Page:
Inside the mind of a scammer

Tactics investment fraudsters use to deceive over-55s

The Financial Conduct Authority (FCA) is urging over-55s to check that investment opportunities are genuine before they part with their money.

This comes as new research[1], commissioned as part of the FCA’s ScamSmart campaign, reveals that only two in five (42%) think they know how to spot a fraudulent investment opportunity. Fraudsters are targeting the growing over-55 population because they are more likely to have money to invest.

Advanced psychological tactics

In 2016, victims of investment fraud lost on average £32,000[2] as fraudsters employed increasingly advanced psychological tactics to persuade victims to invest. One of the most common methods used by fraudsters is to pressurise potential investors to make a quick decision on a time-limited investment offer. This new research found that more than half (53%) of the over-55s surveyed believed acting quickly can be key to getting a good deal, demonstrating how many could be vulnerable to this tactic.

A third (34%) said it is best not to discuss investment decisions with others, and fewer than half (48%) said they would be likely to seek impartial advice before making an investment. These attitudes are seized on by fraudsters, who often urge their target to keep the offer a secret in order to prevent others from dissuading them from investing.

More attractive investment opportunities

45% of over-55s surveyed agreed that investment opportunities are more attractive if you know of others who have made similar investments. Fraudsters may exploit this by saying that others want in on the deal or have already benefitted.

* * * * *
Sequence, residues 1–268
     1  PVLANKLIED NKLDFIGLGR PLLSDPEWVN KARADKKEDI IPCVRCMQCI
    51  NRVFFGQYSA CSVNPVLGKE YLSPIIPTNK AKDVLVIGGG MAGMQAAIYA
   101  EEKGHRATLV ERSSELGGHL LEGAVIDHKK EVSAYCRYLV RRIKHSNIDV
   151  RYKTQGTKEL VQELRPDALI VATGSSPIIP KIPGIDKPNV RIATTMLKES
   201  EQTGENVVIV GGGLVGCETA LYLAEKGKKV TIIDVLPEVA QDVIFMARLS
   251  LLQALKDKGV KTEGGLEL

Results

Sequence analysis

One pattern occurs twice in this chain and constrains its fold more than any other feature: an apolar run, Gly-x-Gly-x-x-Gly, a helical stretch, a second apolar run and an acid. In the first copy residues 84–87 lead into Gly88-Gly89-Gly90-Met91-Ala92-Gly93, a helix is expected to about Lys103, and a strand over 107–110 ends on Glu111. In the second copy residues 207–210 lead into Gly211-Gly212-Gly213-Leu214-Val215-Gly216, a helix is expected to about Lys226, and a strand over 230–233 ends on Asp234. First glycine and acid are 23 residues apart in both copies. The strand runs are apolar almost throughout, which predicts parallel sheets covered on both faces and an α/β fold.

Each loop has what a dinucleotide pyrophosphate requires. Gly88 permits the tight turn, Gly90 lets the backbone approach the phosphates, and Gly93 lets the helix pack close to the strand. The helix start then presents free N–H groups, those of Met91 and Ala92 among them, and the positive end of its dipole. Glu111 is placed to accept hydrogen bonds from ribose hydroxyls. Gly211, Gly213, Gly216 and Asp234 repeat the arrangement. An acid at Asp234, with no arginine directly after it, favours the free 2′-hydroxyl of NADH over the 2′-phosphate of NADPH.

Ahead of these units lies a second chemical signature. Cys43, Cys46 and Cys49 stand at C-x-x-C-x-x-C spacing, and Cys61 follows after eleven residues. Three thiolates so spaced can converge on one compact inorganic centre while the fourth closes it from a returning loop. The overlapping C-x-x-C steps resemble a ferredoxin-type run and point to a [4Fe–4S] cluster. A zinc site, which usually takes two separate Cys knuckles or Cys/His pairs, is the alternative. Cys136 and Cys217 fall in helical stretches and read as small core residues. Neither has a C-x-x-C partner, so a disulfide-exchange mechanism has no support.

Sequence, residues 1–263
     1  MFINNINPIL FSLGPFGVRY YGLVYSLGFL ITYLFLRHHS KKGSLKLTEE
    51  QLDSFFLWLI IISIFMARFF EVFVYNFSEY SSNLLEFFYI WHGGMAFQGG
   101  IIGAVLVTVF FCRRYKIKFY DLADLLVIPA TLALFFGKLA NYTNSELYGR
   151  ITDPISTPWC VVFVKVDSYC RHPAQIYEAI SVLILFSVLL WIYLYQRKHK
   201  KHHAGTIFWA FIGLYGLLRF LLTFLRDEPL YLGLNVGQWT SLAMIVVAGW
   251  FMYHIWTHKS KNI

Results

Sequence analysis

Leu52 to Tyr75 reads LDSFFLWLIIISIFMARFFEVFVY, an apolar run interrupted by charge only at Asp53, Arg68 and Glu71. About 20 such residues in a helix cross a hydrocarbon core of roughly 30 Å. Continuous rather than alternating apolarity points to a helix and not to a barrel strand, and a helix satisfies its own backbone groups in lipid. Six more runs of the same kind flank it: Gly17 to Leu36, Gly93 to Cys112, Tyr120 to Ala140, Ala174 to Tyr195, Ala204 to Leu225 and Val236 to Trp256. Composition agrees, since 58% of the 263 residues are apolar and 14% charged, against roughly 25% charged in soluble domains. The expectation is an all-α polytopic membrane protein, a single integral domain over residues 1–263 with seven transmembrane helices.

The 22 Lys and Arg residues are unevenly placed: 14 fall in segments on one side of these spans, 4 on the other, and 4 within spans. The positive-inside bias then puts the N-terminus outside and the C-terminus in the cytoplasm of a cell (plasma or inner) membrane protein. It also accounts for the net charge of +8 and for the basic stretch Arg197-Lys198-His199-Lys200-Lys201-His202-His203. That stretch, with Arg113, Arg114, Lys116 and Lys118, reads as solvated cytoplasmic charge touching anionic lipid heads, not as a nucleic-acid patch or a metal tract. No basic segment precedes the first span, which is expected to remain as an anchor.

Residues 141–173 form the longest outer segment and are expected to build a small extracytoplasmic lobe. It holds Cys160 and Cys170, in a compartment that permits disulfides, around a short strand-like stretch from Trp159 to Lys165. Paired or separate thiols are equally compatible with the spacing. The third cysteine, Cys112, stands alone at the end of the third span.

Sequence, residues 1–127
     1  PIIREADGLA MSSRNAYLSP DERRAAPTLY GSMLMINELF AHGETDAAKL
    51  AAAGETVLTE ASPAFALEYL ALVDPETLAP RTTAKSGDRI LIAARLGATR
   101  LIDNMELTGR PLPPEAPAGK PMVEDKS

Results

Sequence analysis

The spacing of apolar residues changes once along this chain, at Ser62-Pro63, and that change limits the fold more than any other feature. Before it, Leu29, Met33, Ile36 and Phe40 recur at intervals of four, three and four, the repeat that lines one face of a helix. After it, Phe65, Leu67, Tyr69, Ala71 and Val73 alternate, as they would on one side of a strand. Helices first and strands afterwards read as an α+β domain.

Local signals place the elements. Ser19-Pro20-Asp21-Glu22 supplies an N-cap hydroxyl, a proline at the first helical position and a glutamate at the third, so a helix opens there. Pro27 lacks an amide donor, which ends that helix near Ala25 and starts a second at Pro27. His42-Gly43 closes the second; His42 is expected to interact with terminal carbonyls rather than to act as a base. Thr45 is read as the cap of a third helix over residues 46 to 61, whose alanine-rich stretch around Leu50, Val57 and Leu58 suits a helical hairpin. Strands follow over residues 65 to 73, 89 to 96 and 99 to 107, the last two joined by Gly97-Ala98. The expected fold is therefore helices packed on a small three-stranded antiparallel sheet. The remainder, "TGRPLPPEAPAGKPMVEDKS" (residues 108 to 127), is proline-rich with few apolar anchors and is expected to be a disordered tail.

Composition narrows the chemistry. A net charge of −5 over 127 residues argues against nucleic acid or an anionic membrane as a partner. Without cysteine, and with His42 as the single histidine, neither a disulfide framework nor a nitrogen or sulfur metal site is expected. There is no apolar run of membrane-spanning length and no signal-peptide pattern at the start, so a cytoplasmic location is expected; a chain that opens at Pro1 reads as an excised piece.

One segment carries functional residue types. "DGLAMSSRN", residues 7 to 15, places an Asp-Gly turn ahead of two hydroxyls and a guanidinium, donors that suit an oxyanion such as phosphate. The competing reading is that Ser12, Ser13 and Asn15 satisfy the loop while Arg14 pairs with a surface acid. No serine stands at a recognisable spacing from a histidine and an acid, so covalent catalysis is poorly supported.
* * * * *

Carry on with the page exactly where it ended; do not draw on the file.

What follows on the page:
Interestingly, those surveyed were more aware of certain signs of investment fraud, but less aware of others. For example, 92% agreed being contacted out of the blue could be a warning sign, but 19 per cent were unaware that being promised returns above the market rate could also be a tactic.

The common tactics used by fraudsters include:
Offering lucrative returns above the market rate and downplaying the risks of the investment
Using flattery to make potential victims feel good, such as praising them for being a knowledgeable investor
Saying that the deal is only available to the target and asking them to keep it a secret
Saying that other clients have invested or want in on the deal (known as ‘social proof’)
Putting them under pressure to invest in a time-limited offer

The FCA is urging consumers to be sceptical and cautious before they invest their money. If someone invests their money with an unauthorised firm, they will have no protection from the Financial Ombudsman Service or Financial Services Compensation Scheme if things go wrong.

Nick Hewer, who is supporting the campaign, added:

‘As someone who has been approached by scammers myself, I know how hard it is to identify whether an investment offer is legitimate. They’re
very clever these people, playing psychological games to win over the trust of often vulnerable victims and that’s why I’m working with the FCA to raise awareness of this troubling issue.

‘Remember, if it sounds too good to be true then it probably is. If you are offered an attractive investment out of the blue, be suspicious, check the FCA’s Warning List and seek impartial advice. Better still, if you get a cold call, just put the phone down!’ τ

Source data:
[1] All figures, unless otherwise stated, are from YouGov Plc. The total sample size was 1,004 GB adults aged 55+, in social grade ABC1, with a gross household income of £30,000+ and/ or savings of £5,000+. Fieldwork was undertaken between 27 January and 6 February 2017. The survey was carried out online.
[2] Figures from Action Fraud released in October 2016.
In the last six months (July 2016 – January 2017), the FCA received 2,748 reports of scams or unauthorised firms to its website.
In 2016, the FCA received 261,547 visitors to the ScamSmart website.